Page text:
I’m not really sure how to review or even classify this game in a traditional sense, but I have heard it included in a very unusual set of games that some people are calling “empathy simulators”, and I think that is about as close as you’ll get to identifying Papers Please. In most of these games you don’t win or lose as you do in most others, and there isn’t even a clear cut ending in many cases. The goal of these games is to put you in the shoes of someone else and, just for a little while, feel what it is like to deal with their problems. Note I didn’t say solve their problems, just deal with them.
Usually the problems in Papers Please can’t be solved easily. The game is set in the 80′s in a fictional communist nation called Arstotzka located (presumably) in war-torn eastern Europe. You are a border inspector whose job it is to check over the paperwork of everyone entering the country and either let them in or don’t. That’s it, that’s what you do in this game, and for some reason it’s kind of addictive.
Things start off relatively easy. On the first day you only allow Arstotzkan citizens into the country, so just check their passport and approve or deny. The next day they allow foreigners, but only with an entry ticket. The next day the ticket turn into a permit. Then people travelling on work need work visas, then people from this specific region aren’t allowed in. It gets very overwhelming very quickly, and mistakes come quickly and at great cost.
Within your first few days you’ll see some things that suggest everything isn’t sunshine and roses in this region of the world. Some overly desperate immigrants will get pretty extreme, underground organizations might place some bribes, and the heavy hammer of communist government is ever present. Suddenly juggling all this paperwork seems pretty trivial compared to the moral problems at hand. There’s also this hilarious guy who keeps showing up woefully under prepared to cross the border.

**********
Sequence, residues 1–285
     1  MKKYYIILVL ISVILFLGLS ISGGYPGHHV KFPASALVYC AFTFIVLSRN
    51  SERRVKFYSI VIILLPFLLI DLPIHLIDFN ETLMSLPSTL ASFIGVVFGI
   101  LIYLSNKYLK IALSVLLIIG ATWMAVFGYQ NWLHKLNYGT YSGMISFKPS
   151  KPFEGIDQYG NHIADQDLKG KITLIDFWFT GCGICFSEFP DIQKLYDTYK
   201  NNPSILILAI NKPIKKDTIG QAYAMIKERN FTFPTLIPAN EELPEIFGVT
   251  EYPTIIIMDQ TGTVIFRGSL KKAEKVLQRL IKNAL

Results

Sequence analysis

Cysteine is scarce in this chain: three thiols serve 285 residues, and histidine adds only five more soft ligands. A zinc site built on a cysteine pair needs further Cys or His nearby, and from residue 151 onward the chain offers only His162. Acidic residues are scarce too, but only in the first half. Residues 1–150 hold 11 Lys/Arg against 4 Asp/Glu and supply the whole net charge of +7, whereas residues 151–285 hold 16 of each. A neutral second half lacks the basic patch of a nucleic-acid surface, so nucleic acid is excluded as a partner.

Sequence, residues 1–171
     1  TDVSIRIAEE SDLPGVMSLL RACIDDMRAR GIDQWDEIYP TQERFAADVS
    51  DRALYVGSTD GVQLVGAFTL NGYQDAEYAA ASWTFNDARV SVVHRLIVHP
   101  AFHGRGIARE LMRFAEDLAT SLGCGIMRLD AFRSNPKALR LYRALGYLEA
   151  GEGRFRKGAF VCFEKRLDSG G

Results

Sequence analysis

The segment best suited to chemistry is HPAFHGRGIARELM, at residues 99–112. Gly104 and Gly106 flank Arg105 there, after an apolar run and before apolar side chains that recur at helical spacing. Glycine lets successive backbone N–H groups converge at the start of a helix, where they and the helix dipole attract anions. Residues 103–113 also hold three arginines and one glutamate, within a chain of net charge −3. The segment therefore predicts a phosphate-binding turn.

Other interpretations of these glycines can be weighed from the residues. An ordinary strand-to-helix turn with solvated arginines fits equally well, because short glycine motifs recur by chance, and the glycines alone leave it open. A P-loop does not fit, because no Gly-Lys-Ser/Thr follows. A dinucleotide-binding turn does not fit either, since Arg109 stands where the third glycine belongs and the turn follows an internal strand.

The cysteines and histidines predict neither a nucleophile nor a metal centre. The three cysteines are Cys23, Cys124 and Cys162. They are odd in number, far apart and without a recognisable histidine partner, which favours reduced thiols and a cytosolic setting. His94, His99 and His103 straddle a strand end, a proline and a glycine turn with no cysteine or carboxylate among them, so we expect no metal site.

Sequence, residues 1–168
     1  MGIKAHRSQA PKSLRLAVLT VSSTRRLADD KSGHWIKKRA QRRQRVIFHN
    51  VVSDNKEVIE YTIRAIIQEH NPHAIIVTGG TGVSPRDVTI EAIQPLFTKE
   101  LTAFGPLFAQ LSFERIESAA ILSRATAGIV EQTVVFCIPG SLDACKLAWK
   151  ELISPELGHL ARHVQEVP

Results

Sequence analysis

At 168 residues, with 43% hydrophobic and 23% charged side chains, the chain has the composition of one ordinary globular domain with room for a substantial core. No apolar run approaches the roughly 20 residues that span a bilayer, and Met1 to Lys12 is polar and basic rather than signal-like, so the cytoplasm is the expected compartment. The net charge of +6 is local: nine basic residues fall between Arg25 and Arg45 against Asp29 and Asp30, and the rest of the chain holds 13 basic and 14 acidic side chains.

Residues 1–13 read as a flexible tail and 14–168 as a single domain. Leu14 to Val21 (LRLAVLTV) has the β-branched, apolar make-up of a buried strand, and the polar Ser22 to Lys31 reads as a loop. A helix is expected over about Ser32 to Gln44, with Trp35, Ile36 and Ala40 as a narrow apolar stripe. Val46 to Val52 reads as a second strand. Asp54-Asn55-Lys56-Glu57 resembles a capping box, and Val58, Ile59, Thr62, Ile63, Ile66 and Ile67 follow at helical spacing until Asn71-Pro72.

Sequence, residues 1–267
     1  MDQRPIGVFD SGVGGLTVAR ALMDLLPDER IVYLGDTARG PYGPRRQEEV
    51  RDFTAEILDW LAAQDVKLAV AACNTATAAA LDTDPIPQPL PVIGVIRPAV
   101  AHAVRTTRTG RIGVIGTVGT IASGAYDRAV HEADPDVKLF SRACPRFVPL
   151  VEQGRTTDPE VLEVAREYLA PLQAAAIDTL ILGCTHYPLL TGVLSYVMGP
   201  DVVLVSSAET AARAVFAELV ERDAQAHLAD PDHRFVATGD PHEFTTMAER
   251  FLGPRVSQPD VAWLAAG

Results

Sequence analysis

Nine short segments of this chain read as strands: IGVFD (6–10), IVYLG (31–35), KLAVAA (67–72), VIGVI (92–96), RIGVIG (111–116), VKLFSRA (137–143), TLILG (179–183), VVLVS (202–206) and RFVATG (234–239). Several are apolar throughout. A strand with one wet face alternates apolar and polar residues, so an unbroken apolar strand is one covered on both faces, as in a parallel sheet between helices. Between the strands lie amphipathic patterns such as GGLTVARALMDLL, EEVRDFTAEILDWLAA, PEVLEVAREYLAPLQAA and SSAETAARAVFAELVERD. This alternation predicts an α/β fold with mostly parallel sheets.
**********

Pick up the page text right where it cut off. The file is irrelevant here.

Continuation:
This guy is the lone bright spot in your entire bleak day. Everyone is asking you to overlook their paperwork just this once to save them from potential death, yet every error (intentional or otherwise) costs you money. That money, by the way, is barely keeping a roof over the head of you and your family. Suddenly those bribes start looking mighty good.
The family element was actually my biggest problem with the game. When you begin Day 1 you see a screen showing the status of each of your family members as “OK”. This can change to “Cold” or “Hungry” depending on how well you’re doing at work. I know you’re supposed to care about your family, but I just don’t very much. It would have done wonders for the game to show you even a glimpse at your actual family. A photo of them in your booth, a small dialogue tree from each of them, anything.
Most of the problems in this game put you at a crossroads between your morals, the safety of your country, and the livelihood of your family. Your morals are at play all the time, because they are your morals, you, the player. The importance of National safety is blatantly apparent once you slip up and let the wrong person in, I’ll leave it at that. And yet your family, probably the player character’s top motivation, is only represented by a meter in the menu. I don’t want to dwell on that too much though, because this game really is interesting, unique, and quite addictive.
And hey, good on any game that can make bureaucracy seem compelling and, dare I say, even fun.
Glory To Arstotzka!